Following recent warnings about the potentially serious risk of problems with homeopathic teething tablets and gels, Hylands has announced that it has pulled its line of treatments marketed for relief of symptoms associated with teething in children.
Hyland’s announced it was suspending sales of Hyland’s Baby Teething Tablets and Baby Teething Gel in an announcement posted to its website on Tuesday, citing the recent FDA warning that indicated parents should not use homeopathic teething treatments, due to the serious side effects linked to the products.
While no Hylands teething tablets or gel recall was issued, the manufacturer indicates that it has chosen to discontinue distribution in the United States.
The FDA is currently investigating at least 10 deaths of children who used teething tablets or gel products, as well as 400 adverse events reported over the last six years, which they suspect are associated with homeopathic teething remedies. So far, the deaths and adverse events have not been proven to be connected to the teething products, but the safety of homeopathic teething treatments are under review.
Last week, the FDA called on parents not to use the homeopathic teething tablets or gels, due to the risk of serious side effects to babies, including fever, lethargy, vomiting, sleepiness, tremors, shortness of breath, irritability and agitation.
“It is therefore with much sadness that we share with you that we have chosen to discontinue the distribution of our Hyland’s teething medicines in the United States,” the Hyland’s letter to parents reads. “This decision was made in light of the recent warning issued by the Food & Drug Administration (FDA) against the use of homeopathic teething tablets and gels. This warning has created confusion among parents and limited access to the medicines.”
The products include:
- Hyland’s Baby Teething Tablets;
- Hyland’s Baby Teething Tablets Nighttime; and
- Hyland’s Baby Teething Gel
The manufacturer indicates that it has not received any adverse event reports that indicate the products were unsafe or posed an unreasonable risk of problems, Hyland’s teething products were pulled from the market to put customer safety first. In addition, many stores, such as CVS and Walgreens, have already pulled the products from story shelves due to concerns about potential risks with Hyland’s teething tablets and gels, as well as other homeopathic teething remedies.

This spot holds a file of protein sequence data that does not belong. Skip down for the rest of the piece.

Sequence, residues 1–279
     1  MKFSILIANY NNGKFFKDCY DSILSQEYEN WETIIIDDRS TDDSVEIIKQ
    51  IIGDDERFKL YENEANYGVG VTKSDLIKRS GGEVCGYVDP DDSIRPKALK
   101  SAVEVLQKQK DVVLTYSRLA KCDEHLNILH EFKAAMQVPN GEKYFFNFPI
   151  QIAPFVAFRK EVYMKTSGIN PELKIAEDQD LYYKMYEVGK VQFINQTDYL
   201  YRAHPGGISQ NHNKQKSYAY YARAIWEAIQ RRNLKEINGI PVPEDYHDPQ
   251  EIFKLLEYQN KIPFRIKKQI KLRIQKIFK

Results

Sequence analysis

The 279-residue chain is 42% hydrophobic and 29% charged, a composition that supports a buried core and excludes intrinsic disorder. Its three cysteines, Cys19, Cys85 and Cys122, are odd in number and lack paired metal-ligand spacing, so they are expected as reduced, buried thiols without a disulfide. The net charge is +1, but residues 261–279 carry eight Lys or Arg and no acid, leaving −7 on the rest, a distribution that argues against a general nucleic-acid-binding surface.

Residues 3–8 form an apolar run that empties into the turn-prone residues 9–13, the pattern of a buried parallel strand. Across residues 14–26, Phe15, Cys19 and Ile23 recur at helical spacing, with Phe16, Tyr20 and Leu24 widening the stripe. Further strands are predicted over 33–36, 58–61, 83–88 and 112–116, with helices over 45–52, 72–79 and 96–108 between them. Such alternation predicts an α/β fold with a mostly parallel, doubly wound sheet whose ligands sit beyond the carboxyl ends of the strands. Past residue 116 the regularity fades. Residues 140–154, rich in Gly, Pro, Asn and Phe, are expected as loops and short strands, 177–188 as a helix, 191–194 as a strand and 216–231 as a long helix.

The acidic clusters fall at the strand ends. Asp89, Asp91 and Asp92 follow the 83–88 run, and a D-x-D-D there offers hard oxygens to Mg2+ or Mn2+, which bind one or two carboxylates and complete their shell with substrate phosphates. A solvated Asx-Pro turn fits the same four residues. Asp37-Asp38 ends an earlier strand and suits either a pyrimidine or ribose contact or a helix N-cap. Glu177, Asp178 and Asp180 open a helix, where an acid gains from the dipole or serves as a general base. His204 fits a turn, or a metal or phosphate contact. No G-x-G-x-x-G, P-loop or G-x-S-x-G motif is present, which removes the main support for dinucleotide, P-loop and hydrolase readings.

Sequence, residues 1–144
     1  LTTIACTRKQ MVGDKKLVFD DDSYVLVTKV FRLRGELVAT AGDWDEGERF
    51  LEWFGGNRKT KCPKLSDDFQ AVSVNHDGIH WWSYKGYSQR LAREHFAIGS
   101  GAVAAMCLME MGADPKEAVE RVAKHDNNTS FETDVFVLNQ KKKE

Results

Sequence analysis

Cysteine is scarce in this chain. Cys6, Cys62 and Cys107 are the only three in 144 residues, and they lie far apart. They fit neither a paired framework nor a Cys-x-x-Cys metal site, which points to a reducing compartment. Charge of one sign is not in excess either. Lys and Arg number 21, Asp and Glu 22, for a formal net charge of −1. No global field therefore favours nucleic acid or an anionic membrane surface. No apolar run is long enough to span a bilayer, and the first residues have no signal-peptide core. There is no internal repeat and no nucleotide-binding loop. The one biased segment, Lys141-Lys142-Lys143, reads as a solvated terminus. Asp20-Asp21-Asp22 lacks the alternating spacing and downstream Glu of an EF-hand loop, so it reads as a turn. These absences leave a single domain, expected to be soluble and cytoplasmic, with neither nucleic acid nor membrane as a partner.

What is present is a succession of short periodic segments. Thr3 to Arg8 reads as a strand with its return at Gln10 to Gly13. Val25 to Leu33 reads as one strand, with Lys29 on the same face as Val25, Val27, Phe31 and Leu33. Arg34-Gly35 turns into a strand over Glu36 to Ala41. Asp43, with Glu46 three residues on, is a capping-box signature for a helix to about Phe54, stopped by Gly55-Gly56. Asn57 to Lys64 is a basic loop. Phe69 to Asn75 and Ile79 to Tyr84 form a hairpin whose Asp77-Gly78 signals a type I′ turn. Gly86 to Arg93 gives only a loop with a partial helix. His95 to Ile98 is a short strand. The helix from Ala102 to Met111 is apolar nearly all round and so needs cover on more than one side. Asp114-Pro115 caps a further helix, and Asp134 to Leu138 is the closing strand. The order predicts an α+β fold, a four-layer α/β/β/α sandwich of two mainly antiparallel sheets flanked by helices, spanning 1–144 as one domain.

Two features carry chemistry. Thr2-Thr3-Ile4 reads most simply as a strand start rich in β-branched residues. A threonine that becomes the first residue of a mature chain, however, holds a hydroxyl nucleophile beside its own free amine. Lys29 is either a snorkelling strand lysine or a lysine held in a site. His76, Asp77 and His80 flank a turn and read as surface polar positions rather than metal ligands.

In 2010, the FDA issued a recall for certain Hyland’s teething tablets products after the agency discovered the product contained varying levels of a key ingredient, belladonna. In large doses, belladonna can be toxic to humans. Some experts say the amounts used in homeopathic products can be effective, but must be carefully controlled. The agency was concerned unregulated amounts of the plant based ingredient could put a child at risk, especially if they were given more than was recommended.
Hyland’s reiterated that they are confident that all of their homeopathic products are safe for use, but prefer to work closely with the FDA and prevent further confusion concerning their products.
“Putting you in a position of having to choose who to trust in the face of contradictory information is burdensome and undermines the FDA,” the letter states. “We are committed to supporting you with quality homeopathic medicines as you tackle the incredibly challenging—and rewarding–role of raising your children.”
The manufacturer recommends that parents who have concerns should talk to their child’s doctor before using any medicines, read labels carefully and follow dosing instructions.
The American Academy of Pediatrics suggests alternatives for babies experiencing pain and discomfort from teething, including massaging the child’s gums with a clean finger, use a solid teething ring, clean wet washcloth chilled in the freezer, frozen bananas, or berries to soothe the child’s gums. The group also said parents can use an infant dose of acetaminophen, but should consult their doctor about the correct dose.